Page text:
With the help of the Huffington Post and other publications, I made two documentaries to promote “The Love”: I’m Muslim and I Love America & I’m Muslim and I Love Christmas. Many people joined my campaign around the world — especially people in Bangladesh where two young Muslim students, Sadiyan Lima of Dhaka University and Marjia Farzana of Jahangirnagar University, led the movement on behalf of their respective universities. It inspired people to stand up against the terror of the Islamic State. Zahid Jeebon published my biography, while Kadir Chowdhury Babul and his son went to 64,000 villages in Bangladesh to post 64,000 posters promoting the Love. Recently I published a book with the same title, “The Love” to promote my campaign. But this mission has not been easy; indeed, I endured countless struggles against terrorists and hate groups who seek to silence the message of my campaign. The worst of these attacks occurred in April 2019, an attack that still haunts me to this day.

April 2019. My family and I had arrived at Khaabar Baari, a restaurant in Jackson Heights, New York, to glue a poster for my book, “The Love”, which read:

“As a Muslim, I love Islam. But I also love Hinduism, Buddhism, Judaism, and Christianity. I love to celebrate Eid. But I also love to celebrate Durga Puja, Modhu Purnima, Rosh Hashanah, and Christmas. Let’s unleash love to defeat hate and terrorism”.

Suddenly, a group of men began moving very close to me, talking amongst themselves. One of them began talking behind my back, protesting the fact that although I was a Muslim, I had Isaac as a middle name. “He can’t be Muslim,” he told his friends, “because his middle name is Isaac. Jewish and Christian smells come from his middle name.” Thus began a dangerous confrontation, initiated by a man I didn’t even know. He started blowing his cigarette smoke in my direction, forcing me to inhale his secondary smoke. My dad told the man he should not direct his smoke toward us—especially not towards me. But he refused to comply. As I was giving a live-stream talk on Facebook to promote “The Love” and its message, the man blew more smoke in my face. Again, my dad asked him to stop. My older brother, Aporbo, stood between the man and me, trying to protect me. Eventually, my dad tried to defuse the situation , and apologized for naming me Isaac. The man understood this to be a concession but continued to insult me. My mom told the man that my dad was a good man. While all this was going on, I stood next to my brother, making a heart shape with my trembling fingers, in the hopes of inspiring the angry men to stop attacking us through the message of my book: that Love is greater than hate.

On our way home, my father began to make his way to a police station to report the attack. But I protested. “Dad, if you report it to the police, they will arrest those extremists and possibly deport them to Bangladesh.”

“That’s exactly why I’m going to file a police report.”

My eyes filled with tears, and my voice choked. “Dad, please forgive them, because ‘To err is human, to forgive is divine’ ”. I still remember my dad making an abrupt U-turn on Webster Avenue.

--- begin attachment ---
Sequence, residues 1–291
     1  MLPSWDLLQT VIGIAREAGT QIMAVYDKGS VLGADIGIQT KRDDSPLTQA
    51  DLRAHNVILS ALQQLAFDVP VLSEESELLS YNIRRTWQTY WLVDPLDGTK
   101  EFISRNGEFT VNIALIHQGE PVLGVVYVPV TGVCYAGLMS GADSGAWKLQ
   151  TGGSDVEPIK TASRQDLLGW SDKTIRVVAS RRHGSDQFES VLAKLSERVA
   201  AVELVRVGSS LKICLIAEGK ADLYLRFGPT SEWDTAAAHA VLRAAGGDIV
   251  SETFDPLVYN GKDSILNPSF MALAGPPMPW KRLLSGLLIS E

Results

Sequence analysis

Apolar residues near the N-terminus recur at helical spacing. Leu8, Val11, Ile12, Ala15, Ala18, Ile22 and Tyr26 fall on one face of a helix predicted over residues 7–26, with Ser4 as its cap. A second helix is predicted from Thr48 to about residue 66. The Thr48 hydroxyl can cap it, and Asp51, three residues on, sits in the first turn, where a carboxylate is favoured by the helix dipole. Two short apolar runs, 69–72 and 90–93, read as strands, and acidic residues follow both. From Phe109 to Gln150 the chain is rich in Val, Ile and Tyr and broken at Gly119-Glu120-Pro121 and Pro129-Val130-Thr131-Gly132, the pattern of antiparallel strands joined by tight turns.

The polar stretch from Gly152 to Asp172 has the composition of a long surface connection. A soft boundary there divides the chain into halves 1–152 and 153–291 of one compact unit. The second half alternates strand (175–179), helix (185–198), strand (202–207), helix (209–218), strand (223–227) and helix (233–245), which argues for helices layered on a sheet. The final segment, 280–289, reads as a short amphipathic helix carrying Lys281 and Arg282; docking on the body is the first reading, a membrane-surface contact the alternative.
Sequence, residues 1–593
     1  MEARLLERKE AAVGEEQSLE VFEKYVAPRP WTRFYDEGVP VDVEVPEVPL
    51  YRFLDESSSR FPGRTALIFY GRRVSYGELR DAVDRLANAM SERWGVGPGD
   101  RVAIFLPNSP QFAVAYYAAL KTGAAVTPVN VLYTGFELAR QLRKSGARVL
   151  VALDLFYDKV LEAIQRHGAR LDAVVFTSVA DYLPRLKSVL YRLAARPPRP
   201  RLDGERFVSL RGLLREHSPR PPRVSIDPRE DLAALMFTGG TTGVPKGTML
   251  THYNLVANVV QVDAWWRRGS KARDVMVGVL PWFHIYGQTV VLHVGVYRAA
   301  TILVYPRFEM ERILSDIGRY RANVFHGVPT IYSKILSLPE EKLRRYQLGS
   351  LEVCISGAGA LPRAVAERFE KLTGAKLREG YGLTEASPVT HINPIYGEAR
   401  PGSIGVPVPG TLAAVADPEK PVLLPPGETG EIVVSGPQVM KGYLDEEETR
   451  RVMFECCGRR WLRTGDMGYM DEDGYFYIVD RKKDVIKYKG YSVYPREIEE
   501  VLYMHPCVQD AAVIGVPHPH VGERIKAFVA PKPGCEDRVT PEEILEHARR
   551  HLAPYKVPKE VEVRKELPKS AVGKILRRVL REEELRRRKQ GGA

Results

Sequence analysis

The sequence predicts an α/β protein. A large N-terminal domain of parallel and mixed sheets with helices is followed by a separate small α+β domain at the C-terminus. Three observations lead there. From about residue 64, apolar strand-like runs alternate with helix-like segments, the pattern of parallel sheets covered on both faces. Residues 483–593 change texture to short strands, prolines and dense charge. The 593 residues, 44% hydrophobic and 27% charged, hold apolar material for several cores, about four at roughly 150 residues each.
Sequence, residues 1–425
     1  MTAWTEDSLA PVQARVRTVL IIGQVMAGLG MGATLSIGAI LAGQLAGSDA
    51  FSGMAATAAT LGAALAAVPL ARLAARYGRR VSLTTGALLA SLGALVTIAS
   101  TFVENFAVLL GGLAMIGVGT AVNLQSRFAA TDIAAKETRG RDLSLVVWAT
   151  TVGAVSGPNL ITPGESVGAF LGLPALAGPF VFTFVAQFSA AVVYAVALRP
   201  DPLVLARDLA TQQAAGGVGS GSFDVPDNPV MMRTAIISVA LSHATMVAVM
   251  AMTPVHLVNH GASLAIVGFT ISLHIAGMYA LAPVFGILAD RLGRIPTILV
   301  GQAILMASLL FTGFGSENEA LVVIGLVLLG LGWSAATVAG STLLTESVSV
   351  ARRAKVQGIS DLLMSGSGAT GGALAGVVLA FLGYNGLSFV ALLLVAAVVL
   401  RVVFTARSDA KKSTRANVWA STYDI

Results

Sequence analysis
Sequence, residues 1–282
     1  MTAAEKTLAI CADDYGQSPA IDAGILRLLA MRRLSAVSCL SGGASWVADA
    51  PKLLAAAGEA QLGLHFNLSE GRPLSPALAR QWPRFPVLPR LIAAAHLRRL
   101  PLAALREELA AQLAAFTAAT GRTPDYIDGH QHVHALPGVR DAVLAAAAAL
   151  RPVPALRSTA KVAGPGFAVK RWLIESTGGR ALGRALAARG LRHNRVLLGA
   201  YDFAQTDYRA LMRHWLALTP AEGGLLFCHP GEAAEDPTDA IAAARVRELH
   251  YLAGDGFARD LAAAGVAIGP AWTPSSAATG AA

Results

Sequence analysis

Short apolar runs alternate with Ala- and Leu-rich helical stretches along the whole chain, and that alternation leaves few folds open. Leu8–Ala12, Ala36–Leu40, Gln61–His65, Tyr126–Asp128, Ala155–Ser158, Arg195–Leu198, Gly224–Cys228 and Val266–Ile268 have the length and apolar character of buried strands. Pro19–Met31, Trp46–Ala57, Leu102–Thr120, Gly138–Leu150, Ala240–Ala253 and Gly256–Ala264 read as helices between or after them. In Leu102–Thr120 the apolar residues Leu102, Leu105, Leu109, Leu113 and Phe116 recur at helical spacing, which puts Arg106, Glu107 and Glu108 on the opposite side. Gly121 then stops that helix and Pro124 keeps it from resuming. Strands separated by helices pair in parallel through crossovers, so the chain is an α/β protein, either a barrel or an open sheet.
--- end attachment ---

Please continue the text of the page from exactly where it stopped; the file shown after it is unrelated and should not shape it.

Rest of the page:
At this great University of Pune, I have a message for the world’s 1.8 billion Muslims–especially India’s 201 millions Muslims–that as an American, I sing The Star Spangled Banner every day after I wake up, as this inspires me to keep falling in love with my country—the United States of America. As Indians, you should sing the Indian national anthem every day upon waking up. Stop supporting terrorism, hate, and division. Start fighting for love, peace, and unity. If there is an injustice against you, please forgive. Remember, Gandhi won the world through forgiveness.

 

I will end this book talk by finishing the story I told you at the beginning: Faraz and Tarishi : A Story of love between Hindu and Muslim.

 As I said, 4 followers of Islamic terrorists unleashed an act of terror in Bangladesh on July 1, 2016 when Bengali Muslims were getting ready to celebrate Eid at the end of Ramadan. That day terrorists entered the Holey Artisan, a bakery famous for its bagels and coffee, at 8:00 p.m. and opened fire indiscriminately, killing two police officers, Salauddin and Rabiul Islam, who tried to stop them. They immediately took full control of the restaurant by taking hostages. The seven terrorists had killed 22 hostages, including two friends: Faraaz and Tarishi.

When Nibras Islam, the leader of terrorists, discovered that Faraz was a Bangladeshi born Muslim, he let him go. However, Faraz refused to leave without his Hindu friend–Tarishi. `

“Who is your friend?” Nibras Islam looked pissed.

Faraz pointed his finger to Tarishi. Nibras pointed his gun, smelling something suspicious. He called her up.

“What’s your name?” Nibras asked. His gun was cocked and loaded.

“My name is Tarishi,” she whispered, shivering.

“Hindu?”

Silence.

“Indian Hindu?”

“United States,” she said. Her voice was broken. Her heart beat faster and faster.

“O, Allah! Even worse! Kill her!” Nibras ordered.

“What about Faraaz?” asked Rohan Imtiaz

“Let him go, because he already promised me that he will change his name to Muhammad Hossain.”

“I won’t go without Tarishi,” Faraaz insisted.

“Kill this Mortad!” Nibras screamed.

I heard Faraaz and Tarishi’s screams as bullets pierced their bodies. Tarishi fell to the floor. Faraaz began bleeding out but still managed to make his way to Tarishi. “I told you, nothing can separate us, even—” But Faraaz never finished his sentence, as another bullet shot through his skull.

This story — the story of Faraaz and Tarishi — is proof of the power of love. When I see the unrest between Muslims and Hindus in India, I think of Faraaz and Tarisihi; I think of how they sacrificed their lives for each other, completely disregarding the difference in their religions. The story of Faraaz and Tarishi is the story of Muslim and Hindu bonding over love; it’s proof that love overcomes religion, ideology, race, and ethnicity.

 

Soborno Isaac Bari, a visiting faculty at Ruia College of University of Mumbai, is the author of The Love.


Also published on Medium.